• 9- to 13-year-old girls need 5 ounce equivalents each day.

    • 9- to 13-year-old boys need 6 ounce equivalents each day.

    And one last thing about grains: Make at least half your grain food choices whole grains, such as 100 percent wheat bread, brown rice and oatmeal.

    Vegetables Of course, you need your vegetables, especially those dark green and orange ones. But how much is enough? Vegetable servings are measured in cups.

    • 4- to 8-year-olds need 1½ cups of veggies each day.

    • 9- to 13-year-old girls need 2 cups of veggies each day.

    • 9- to 13-year-old boys need 2½ cups of veggies each day.

    Fruits Sweet, juicy fruit definitely is part of a healthy diet. Here’s how much you need: • 4- to 8-year-olds need 1 cup to 1½ cups of fruit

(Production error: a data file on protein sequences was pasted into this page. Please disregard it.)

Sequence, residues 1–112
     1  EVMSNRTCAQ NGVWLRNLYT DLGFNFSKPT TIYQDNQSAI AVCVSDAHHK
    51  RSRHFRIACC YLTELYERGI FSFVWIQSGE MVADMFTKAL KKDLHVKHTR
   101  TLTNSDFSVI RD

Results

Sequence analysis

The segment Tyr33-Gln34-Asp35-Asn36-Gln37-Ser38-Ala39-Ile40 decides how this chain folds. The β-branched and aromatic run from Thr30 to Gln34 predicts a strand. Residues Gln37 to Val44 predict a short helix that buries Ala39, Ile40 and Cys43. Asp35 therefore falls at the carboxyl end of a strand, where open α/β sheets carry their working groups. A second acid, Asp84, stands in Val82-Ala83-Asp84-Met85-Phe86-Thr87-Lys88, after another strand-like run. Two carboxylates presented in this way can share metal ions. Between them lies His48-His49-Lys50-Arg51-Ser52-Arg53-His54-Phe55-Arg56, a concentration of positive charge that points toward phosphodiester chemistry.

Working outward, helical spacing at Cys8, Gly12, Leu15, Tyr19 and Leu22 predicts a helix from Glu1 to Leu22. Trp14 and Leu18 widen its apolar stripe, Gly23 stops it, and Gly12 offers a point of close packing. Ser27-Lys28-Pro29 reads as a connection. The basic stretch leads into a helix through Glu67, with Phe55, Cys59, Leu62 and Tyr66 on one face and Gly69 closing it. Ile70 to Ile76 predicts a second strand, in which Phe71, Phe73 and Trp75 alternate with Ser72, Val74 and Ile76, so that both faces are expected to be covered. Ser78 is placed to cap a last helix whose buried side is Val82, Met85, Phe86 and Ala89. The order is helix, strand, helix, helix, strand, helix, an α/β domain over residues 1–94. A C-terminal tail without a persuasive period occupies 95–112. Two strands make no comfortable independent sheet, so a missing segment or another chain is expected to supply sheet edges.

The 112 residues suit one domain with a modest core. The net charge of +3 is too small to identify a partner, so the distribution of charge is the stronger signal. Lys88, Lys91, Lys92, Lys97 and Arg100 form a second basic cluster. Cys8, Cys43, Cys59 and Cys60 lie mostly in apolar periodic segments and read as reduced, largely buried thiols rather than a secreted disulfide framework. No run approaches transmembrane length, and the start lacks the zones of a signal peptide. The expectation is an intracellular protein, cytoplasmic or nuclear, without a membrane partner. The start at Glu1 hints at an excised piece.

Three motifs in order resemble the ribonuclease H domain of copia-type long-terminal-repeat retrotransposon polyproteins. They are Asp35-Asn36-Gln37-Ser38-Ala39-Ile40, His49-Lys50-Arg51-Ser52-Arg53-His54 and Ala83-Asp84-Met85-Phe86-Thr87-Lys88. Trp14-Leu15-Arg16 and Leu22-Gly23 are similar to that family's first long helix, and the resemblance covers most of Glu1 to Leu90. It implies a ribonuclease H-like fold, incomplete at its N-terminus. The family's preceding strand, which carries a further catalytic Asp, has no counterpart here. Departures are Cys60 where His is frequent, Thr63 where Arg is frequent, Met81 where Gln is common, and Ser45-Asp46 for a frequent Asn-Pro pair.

each day. • 9- to 13-year-old girls need 1½ cups of fruit

    each day. • 9- to 13-year-old boys need 1½ cups of fruit each

    day.

    Dairy Dairy foods are rich in calcium to build strong bones to last a lifetime.

    • 4- to 8-year-olds need 1 to 2 cups of milk (or other calcium-rich food) each day.

    • 9- to 13-year-old girls need 3 cups of milk (or other calcium-rich foods) each day.

    • 9- to 13-year-old boys need 3 cups of milk (or other calcium-rich foods) each day.

    If you want something other than milk, you can substitute yogurt, cheese or calcium-fortified orange juice — just to name a few.

    Protein Foods These foods contain iron and lots of other important nutrients. Like grains, these foods are measured in ounce equivalents.

    An ounce equivalent of this group would be:

    1 ounce of meat, poultry or fish ¼ cup cooked dry beans 1 egg